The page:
Winning Essay by Samantha H. From North Carolina Attending Duke
At the age of four, Lorraine Hansberry sat in her living room with her family as a brick shattered their window, narrowly missing her head. Such attacks were not uncommon; a black family in an all-white neighborhood attracted much hatred from bigoted residents. Lorraine left that incident unscathed but not unaffected. She drew upon this experience for artistic expression. Throughout her life, Lorraine Hansberry was able to transform acts of discrimination into masterpieces. 21 years later, A Raisin in the Sun, a play on based her family’s integration into a white neighborhood, graced the Ethel Barrymore Theater. Her portrayals of black life were unprecedented and opened the eyes of America to different life experiences. Just as that brick shattered the window in her family’s home, Hansberry’s plays broke through a glass ceiling within the drama industry. A Raisin in the Sun was the first Broadway play written by an African American woman. Hansberry’s sense of self and her dedication to bringing a voice to the voiceless have inspired many people across generations, including me. 
Hansberry’s ability to transform the pain of prejudice into widely accessible art fascinates me. She grew up in neighborhoods where people openly ostracized and attacked her family. Yet, she refused to give in to hatred. Every instance of injustice left Ms. Hansberry with a fragment of the harsh reality that marginalized groups had to endure on a daily basis. Each piece made a lasting impression. With every slur, aggressive assailant, and act of intimidation, Hansberry rearranged the pieces of her life, which seemed so dismal, and placed them all into a mental mosaic. Later in life, these memories came together to form the foundation for her famed literary works.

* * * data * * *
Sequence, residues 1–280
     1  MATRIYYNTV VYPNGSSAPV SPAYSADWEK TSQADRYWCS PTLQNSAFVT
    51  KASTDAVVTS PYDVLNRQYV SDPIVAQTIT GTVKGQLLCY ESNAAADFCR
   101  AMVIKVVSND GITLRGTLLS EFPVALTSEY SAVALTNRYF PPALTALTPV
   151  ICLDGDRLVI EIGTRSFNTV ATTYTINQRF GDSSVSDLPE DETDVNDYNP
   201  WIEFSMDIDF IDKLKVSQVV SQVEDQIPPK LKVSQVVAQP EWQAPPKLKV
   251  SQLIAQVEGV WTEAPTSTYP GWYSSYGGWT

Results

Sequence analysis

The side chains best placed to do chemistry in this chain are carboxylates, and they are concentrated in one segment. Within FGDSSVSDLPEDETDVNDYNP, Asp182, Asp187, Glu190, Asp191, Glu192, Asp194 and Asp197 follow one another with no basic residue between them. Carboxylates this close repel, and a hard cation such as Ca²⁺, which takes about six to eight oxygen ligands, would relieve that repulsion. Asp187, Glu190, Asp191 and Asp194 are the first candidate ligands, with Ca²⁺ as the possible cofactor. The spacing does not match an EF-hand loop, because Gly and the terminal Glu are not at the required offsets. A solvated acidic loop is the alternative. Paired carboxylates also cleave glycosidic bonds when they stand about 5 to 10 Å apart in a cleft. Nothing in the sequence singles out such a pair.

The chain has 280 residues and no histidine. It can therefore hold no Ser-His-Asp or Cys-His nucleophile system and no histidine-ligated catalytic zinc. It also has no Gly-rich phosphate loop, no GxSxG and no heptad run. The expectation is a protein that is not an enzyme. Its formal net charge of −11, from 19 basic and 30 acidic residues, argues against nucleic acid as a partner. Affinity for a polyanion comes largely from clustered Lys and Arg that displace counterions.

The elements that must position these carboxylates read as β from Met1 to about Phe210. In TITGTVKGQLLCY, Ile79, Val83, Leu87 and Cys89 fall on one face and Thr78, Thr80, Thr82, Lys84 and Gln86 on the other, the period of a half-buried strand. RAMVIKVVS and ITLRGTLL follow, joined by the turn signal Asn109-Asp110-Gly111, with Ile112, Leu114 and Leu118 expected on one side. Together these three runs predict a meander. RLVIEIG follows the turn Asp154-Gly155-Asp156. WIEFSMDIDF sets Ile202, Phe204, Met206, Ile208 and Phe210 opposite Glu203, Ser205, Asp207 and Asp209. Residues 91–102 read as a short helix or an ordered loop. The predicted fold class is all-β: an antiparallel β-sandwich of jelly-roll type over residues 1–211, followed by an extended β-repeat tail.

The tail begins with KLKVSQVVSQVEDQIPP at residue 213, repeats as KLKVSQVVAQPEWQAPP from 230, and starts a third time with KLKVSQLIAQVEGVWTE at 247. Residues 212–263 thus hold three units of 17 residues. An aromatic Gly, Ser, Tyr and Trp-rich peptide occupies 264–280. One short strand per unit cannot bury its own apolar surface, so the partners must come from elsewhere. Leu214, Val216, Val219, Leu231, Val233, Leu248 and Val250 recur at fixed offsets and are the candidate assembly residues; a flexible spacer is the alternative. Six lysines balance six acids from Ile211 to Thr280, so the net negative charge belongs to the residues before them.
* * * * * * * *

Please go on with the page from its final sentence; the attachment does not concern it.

My favorite Hansberry piece, A Raisin in the Sun, portrays the depth and versatility of the African American experience. It resonated with me in high school as it deconstructed injustice, bigotry and assimilationist ideology. The play itself is centered on the importance of pursuing one’s ambitions while being realistic about the world in which they live. Moreover, the play shows the importance of community. This message is crucial. As a student at Duke, I have had the opportunity to pursue many of dreams. I have had support on and off campus that enable me to succeed as an African American student. At the same time, I have had to depend on my community when acts of prejudice affect my classmates and me. Hansberry’s words bring me comfort in those difficult moments, and I remember that I can turn my experiences into something constructive. I can help people understand how crucial it is that they engage in their communities. Overall, Hansberry’s work inspires me to explore what I have in common with other people so that the human experience and the pursuit of justice become more and more universal. 

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